If I may grossly over-simplify the concept, every aspect of life requires energy and the ability to communicate. Nature has provided the sodium potassium pump as the agent for both needs. Once again, wikipedia explains:

Membrane potential (or transmembrane potential), is the voltage difference (or electrical potential difference) between the interior and exterior of a cell. Because the fluid inside and outside a cell is highly conductive, whereas a cell’s plasma membrane is highly resistive, the voltage change in moving from a point outside to a point inside occurs largely within the narrow width of the membrane itself. Therefore, it is common to speak of the membrane potential as the voltage across the membrane.

The plasma membrane surrounds the cell to provide a stable environment for biological processes. The membrane potential arises from the action of ion channels, ion pumps, and ion transporters embedded in the membrane which maintain different ion concentrations inside and outside the cell. The term "membrane potential" is sometimes used interchangeably with cell potential but is applicable to any lipid bilayer or membrane.

And how are the differences on either side of the membrane managed? By the sodium-potassium pump, of course…..

Active transport is responsible for the well-established observation that cells contain relatively high concentrations of potassium ions but low concentrations of sodium ions. The mechanism responsible for this is the sodium-potassium pump which moves these two ions in opposite directions across the plasma membrane. This was investigated by following the passage of radioactively labeled ions across the plasma membrane of certain ones. It was found that the concentrations of sodium and potassium ions on the two other sides of the membrane are interdependent, suggesting that the same carrier transports both ions. It is now known that the carrier is an ATP-ase and that it pumps three sodium ions out of the cell for every two potassium ions pumped in.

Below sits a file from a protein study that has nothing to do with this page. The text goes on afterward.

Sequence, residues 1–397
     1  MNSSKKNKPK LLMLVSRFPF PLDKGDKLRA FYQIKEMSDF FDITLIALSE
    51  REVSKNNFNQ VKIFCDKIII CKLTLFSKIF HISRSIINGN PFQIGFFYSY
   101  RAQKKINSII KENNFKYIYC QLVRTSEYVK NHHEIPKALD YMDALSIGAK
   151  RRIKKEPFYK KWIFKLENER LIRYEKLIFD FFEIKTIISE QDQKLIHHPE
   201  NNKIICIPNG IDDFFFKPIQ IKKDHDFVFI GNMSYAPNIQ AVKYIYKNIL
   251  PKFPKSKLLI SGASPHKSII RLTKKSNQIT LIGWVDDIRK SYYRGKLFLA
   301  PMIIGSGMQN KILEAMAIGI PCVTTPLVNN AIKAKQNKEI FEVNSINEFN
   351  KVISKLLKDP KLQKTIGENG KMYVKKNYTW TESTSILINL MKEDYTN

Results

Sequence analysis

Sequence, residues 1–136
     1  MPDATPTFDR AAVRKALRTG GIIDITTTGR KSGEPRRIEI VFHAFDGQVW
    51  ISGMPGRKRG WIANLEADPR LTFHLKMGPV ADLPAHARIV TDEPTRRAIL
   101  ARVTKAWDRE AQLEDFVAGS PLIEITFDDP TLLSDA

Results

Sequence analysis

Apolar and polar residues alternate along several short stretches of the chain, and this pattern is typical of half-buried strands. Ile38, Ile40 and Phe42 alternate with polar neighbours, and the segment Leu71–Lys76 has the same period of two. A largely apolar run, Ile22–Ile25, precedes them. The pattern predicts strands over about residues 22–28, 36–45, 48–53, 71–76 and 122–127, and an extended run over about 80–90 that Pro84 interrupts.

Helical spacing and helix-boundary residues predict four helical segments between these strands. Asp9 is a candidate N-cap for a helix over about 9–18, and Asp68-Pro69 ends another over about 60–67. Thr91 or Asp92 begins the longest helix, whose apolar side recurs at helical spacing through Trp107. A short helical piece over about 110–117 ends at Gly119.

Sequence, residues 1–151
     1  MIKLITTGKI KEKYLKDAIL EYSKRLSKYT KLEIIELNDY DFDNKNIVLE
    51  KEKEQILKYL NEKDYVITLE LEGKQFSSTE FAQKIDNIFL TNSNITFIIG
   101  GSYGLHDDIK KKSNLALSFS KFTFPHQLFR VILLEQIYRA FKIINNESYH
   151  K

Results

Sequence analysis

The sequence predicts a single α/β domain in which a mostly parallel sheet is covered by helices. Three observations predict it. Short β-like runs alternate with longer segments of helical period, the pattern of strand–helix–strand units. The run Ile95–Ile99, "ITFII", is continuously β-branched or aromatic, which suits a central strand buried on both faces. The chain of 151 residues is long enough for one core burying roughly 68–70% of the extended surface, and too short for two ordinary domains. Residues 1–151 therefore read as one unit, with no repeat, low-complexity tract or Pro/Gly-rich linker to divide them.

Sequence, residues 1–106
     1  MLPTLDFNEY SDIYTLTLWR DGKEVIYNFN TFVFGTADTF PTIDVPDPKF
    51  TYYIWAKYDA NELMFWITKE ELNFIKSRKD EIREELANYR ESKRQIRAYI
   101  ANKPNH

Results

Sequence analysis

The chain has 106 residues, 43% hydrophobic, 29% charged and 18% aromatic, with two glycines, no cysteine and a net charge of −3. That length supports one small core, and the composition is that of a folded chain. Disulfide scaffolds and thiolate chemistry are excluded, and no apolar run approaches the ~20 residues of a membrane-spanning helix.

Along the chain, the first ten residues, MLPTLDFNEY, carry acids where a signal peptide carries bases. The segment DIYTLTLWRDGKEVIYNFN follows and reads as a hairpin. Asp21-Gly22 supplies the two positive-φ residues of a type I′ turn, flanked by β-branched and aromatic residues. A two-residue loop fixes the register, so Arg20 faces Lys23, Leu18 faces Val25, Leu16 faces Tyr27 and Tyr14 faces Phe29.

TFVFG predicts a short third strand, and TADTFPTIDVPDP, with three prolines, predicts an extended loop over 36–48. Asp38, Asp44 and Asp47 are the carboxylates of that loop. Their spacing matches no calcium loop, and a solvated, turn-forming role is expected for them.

The sodium-potassium pump was discovered in the 1950’s by a Danish scientist, Jens Skou, who was awarded a Nobel Prize in 1997. It marked an important step forward in our understanding of how ions get into and out of cells, and it has a particular significance for excitable cells such as nervous cells, which depend on it for responding to stimuli and transmitting impulses.

Of course it’s much more complex than my simple phrases, mixed with some pseudo-authority from wikipedia, can possibly explain. But this new student of biology cannot help but read and learn with gobsmacked awe as the (and there’s no other word for it) miracle of evolution and life are explained to him. Simplicity, a successful pattern replicated again and again over time and frequency to build from the atomic to the human level.

All because of sodium and potassium.

Using the Constitution When It Suits

It’s safe to say that Jim Clyburn is not very happy with Governor Sanford and those that support the governor’s position on the stimulus funds. In fact, sometimes, it sounds like Mr. Clyburn is pretty damn mad that he cannot reach down into his carefully drawn district and make things happen the way he would like for them to happen. In that respect, to be fair, he’s not really much different from most of the elected-for-life politicians that inhabit Washington. Sometimes, it seems that personal relationships are more important that principal principle. And sometimes, politicians get a bit confused on which principles they stand on.

Here’s Rep. Clyburn, discussing the governor’s position, as quoted in a post from the Palmetto Scoop:

Whether or not you agree with Gov. Mark Sanford’s staunch opposition to accepting $700 million in federal stimulus money, this one thing is for certain: It has a lot of people on both sides of the issue angry.